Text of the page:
Science & Environment

Emissions from fossil fuels may limit carbon dating

Shroud of turin Image copyright SPL
Image caption Radiocarbon dating was used to determine the true age of the Shroud of Turin

Growing emissions from the burning of fossil fuels are threatening the effectiveness of radiocarbon dating, according to new research.

The dating method has been used for decades to accurately determine the age of a wide range of artefacts.

But using fossil fuels pumps a type of carbon into the atmosphere that confuses the dating technique.

Scientists say that by 2050, new clothes could have the same radiocarbon date as items 1,000 years old.

Developed in the late 1940s, the method measures carbon-14, a radioactive form of the element. It's produced in the atmosphere and then absorbed by plants through photosynthesis.

Animals that eat the plants ingest the carbon-14. Scientists are able to work out the age of almost anything organic by comparing the level of carbon-14 to non-radioactive carbon in the sample.

The method has been used to accurately determine the ages of thousands of artefacts and to uncover art fraud.

Perhaps the most famous case where radiocarbon dating was used was in the investigation of the Shroud of Turin, which scientists in 1988 determined had originated in the 13th century, more than 1,200 years after the death of Christ - whose image it is supposed to represent.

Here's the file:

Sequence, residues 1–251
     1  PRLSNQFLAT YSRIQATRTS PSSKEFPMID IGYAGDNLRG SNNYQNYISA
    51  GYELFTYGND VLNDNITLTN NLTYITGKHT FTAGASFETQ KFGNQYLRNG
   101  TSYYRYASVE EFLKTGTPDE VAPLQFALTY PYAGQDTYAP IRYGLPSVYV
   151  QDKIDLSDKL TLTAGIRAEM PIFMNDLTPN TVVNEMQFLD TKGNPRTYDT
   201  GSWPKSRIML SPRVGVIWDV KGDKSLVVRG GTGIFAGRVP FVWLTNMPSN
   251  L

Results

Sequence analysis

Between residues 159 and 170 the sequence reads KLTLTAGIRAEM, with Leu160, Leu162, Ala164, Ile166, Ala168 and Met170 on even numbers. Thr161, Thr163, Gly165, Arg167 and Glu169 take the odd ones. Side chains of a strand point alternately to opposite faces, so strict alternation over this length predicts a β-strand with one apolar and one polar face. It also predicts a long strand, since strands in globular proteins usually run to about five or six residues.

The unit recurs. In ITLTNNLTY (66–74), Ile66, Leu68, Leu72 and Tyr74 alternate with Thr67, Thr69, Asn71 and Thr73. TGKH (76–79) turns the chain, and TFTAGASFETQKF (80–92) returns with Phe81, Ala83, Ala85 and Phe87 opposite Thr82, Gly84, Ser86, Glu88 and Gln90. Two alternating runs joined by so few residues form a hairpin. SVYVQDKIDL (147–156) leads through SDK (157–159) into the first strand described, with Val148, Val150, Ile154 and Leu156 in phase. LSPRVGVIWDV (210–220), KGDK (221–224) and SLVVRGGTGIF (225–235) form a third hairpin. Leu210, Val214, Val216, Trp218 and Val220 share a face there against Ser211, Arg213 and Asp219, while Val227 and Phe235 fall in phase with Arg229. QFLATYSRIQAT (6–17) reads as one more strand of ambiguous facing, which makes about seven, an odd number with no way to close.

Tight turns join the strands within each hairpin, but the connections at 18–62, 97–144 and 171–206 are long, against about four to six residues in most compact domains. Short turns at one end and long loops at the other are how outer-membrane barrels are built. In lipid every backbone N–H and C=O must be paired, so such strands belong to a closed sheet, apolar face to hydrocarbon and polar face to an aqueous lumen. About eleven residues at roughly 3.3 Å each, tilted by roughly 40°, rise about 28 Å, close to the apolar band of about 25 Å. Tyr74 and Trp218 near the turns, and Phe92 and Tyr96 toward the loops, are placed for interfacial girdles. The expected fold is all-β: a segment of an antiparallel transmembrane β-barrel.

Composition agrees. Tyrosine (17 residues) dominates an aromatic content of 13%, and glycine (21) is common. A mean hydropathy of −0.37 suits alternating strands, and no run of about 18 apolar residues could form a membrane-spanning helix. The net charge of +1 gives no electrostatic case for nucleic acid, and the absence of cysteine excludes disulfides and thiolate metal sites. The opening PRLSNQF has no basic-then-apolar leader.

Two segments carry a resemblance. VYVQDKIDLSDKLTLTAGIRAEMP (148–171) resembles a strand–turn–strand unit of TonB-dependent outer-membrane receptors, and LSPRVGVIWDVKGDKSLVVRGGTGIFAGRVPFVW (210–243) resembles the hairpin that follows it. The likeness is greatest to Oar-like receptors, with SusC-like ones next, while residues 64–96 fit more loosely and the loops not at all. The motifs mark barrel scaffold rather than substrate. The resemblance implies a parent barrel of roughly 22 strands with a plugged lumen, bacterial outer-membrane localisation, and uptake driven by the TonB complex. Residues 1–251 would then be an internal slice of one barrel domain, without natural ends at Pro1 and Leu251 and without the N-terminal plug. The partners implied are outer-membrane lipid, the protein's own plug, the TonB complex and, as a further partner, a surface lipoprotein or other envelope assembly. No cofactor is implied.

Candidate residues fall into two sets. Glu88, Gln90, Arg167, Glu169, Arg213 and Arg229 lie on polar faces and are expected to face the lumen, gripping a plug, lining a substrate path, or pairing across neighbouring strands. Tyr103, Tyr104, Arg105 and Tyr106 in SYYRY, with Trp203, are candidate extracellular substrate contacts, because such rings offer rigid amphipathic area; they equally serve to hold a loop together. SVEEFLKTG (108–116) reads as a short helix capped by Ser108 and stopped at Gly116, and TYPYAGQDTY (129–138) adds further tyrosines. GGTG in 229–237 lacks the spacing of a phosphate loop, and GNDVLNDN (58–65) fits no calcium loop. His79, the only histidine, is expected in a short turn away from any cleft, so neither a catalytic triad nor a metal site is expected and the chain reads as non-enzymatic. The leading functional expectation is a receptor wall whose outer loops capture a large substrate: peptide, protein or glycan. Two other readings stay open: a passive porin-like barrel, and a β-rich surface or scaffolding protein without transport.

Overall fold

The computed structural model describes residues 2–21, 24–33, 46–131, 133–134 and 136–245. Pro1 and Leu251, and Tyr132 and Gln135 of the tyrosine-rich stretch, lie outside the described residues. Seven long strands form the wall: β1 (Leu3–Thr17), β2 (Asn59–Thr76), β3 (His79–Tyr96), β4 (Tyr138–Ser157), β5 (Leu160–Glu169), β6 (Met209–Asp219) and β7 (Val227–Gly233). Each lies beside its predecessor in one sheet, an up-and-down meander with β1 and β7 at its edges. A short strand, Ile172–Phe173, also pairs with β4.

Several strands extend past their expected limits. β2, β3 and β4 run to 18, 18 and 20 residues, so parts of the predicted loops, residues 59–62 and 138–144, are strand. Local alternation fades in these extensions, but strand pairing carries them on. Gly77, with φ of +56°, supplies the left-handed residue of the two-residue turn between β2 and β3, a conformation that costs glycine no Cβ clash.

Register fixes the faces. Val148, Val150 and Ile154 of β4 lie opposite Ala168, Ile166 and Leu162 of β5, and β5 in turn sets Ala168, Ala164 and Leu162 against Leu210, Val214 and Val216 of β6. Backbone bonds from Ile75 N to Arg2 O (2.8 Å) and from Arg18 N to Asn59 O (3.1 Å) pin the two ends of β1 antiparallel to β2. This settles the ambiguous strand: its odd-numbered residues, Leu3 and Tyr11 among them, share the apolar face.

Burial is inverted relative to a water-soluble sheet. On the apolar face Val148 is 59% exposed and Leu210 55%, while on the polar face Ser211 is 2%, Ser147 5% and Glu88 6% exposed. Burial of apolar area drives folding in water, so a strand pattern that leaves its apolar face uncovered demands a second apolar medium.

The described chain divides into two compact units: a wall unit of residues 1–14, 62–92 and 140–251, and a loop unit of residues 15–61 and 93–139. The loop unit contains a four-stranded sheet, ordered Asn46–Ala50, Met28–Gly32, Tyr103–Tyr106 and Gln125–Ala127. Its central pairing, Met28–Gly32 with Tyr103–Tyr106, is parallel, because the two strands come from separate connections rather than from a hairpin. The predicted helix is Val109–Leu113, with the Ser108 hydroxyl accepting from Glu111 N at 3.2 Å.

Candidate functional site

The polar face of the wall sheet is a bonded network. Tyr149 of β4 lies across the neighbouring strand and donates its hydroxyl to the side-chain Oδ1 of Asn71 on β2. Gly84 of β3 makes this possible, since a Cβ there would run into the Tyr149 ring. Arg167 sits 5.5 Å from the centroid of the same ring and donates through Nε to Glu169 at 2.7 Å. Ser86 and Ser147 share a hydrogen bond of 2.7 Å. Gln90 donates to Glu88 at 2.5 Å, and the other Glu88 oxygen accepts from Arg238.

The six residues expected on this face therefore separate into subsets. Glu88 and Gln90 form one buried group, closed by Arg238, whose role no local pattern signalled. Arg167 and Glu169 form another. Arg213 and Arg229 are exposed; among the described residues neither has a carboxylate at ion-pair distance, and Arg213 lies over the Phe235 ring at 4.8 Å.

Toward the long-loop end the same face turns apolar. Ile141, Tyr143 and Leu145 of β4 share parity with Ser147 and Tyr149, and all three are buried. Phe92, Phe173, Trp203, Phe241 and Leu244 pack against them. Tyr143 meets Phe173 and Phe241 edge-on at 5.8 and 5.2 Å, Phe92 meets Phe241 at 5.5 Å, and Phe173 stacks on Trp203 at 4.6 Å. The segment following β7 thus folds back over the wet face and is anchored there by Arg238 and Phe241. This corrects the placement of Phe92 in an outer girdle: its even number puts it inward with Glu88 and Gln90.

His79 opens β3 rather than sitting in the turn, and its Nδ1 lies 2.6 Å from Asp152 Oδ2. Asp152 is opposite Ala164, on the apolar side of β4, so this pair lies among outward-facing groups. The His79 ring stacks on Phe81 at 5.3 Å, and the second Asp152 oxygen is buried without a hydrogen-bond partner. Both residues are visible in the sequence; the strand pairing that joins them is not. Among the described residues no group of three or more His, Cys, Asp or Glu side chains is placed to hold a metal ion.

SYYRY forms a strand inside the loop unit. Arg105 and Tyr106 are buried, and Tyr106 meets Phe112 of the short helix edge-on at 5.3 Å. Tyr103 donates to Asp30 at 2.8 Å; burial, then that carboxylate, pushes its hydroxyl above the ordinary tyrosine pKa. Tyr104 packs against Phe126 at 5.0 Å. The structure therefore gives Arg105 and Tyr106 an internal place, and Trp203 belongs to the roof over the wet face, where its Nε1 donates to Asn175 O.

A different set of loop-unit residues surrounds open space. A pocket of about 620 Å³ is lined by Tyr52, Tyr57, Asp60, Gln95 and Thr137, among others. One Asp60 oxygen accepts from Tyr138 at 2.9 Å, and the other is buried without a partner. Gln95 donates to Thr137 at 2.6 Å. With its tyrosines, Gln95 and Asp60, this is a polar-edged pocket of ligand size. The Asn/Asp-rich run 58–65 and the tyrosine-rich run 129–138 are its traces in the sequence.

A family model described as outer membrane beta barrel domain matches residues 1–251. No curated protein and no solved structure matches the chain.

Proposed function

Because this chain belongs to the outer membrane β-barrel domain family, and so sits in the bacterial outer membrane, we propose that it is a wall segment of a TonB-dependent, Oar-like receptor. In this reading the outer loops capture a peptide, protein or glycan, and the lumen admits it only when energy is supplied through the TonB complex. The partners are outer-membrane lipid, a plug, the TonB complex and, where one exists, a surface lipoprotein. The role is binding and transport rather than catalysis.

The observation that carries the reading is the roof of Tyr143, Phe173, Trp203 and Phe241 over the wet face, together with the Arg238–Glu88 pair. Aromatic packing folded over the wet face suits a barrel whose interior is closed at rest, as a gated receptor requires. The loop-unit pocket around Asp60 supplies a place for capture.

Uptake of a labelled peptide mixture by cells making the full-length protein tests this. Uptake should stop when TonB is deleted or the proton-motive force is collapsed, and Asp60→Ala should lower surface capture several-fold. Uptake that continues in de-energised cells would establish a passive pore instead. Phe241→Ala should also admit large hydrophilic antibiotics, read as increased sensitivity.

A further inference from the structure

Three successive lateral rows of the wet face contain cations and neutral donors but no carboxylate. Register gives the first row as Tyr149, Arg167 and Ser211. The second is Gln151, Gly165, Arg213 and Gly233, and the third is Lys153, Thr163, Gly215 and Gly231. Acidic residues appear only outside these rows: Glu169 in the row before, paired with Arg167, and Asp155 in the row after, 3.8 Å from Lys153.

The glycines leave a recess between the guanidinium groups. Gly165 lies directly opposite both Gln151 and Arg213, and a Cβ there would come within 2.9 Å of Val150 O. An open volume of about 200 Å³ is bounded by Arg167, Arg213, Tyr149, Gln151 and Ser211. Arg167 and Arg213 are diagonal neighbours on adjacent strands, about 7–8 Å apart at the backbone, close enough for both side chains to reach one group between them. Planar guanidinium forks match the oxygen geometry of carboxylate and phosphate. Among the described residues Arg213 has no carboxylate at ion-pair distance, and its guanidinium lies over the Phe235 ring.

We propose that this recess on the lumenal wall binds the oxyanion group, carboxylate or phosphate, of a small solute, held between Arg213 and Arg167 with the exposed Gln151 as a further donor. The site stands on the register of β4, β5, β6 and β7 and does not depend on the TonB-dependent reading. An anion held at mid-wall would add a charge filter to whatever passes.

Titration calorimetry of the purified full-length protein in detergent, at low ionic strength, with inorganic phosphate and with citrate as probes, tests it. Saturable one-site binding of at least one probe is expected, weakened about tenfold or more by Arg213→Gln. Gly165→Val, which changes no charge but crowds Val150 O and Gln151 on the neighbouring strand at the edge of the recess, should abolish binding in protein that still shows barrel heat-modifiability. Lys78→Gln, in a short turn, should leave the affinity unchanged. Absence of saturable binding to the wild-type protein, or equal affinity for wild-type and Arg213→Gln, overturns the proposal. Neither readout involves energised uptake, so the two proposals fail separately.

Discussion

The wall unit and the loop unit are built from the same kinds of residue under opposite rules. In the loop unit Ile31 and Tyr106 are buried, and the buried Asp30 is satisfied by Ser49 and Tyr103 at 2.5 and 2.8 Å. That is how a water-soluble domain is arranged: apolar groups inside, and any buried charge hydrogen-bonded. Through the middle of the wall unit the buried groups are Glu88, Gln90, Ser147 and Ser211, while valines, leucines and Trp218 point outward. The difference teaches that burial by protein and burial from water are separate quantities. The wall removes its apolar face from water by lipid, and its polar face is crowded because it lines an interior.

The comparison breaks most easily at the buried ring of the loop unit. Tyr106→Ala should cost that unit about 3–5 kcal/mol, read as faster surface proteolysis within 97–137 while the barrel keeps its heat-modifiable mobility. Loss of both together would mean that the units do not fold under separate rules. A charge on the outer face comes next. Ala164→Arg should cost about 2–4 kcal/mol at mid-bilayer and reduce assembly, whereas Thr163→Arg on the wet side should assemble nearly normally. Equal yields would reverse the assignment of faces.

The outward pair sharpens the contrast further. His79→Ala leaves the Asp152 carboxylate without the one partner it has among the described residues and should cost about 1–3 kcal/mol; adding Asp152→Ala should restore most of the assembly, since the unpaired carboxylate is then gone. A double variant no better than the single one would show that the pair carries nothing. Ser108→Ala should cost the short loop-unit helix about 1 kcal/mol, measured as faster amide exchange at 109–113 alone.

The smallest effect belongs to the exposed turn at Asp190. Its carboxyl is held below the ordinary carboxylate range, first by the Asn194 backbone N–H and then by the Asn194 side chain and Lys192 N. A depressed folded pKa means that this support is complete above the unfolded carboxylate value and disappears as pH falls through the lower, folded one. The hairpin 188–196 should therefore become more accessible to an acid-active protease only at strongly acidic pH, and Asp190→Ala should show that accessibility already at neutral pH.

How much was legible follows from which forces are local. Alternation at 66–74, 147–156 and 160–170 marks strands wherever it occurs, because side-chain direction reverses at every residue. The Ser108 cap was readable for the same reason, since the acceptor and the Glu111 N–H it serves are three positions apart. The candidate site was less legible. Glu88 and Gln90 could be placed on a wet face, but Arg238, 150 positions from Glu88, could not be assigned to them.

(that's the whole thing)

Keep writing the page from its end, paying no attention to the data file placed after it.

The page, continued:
Bad dates

However, the use of carbon based fossil fuels such as coal and oil since the industrial revolution have increased the amount of non-radioactive carbon in the atmosphere. As the emissions grow, so does the diluting effect on carbon-14 and the accuracy of the ageing technique is lost.

"As carbon-14 decays over time the fraction will decrease so that's how we use it for dating," the paper's author Dr Heather Graven told BBC News.

"But we can also change this ratio of radioactive carbon to total carbon, if we are adding non-radioactive carbon and that's what's happening with fossil fuels, we get this dilution effect."

The study looked at the likely carbon emissions pathways over the next century and suggested that the increases in non-radioactive carbon by 2020 could start to impact the dating technique.

"If we did any current measurements on new products, they will end up having the same fraction of radiocarbon to total carbon as something that's lost it over time due to decay," said Dr Graven.

"So if we just measure the fraction they'll look like they have the same age for radiocarbon dating."

At current rates of emissions increase, according to the research, a new piece of clothing in 2050 would have the same carbon date as a robe worn by William the Conqueror 1,000 years earlier.

"It really depends on how much emissions increase or decrease over the next century, in terms of how strong this dilution effect gets," said Dr Graven.

"If we reduce emissions rapidly we might stay around a carbon age of 100 years in the atmosphere but if we strongly increase emissions we could get to an age of 1,000 years by 2050 and around 2,000 years by 2100."

The research has been published in the journal, Proceedings of the National Academy of Sciences.

Follow Matt on Twitter @mattmcgrathbbc.

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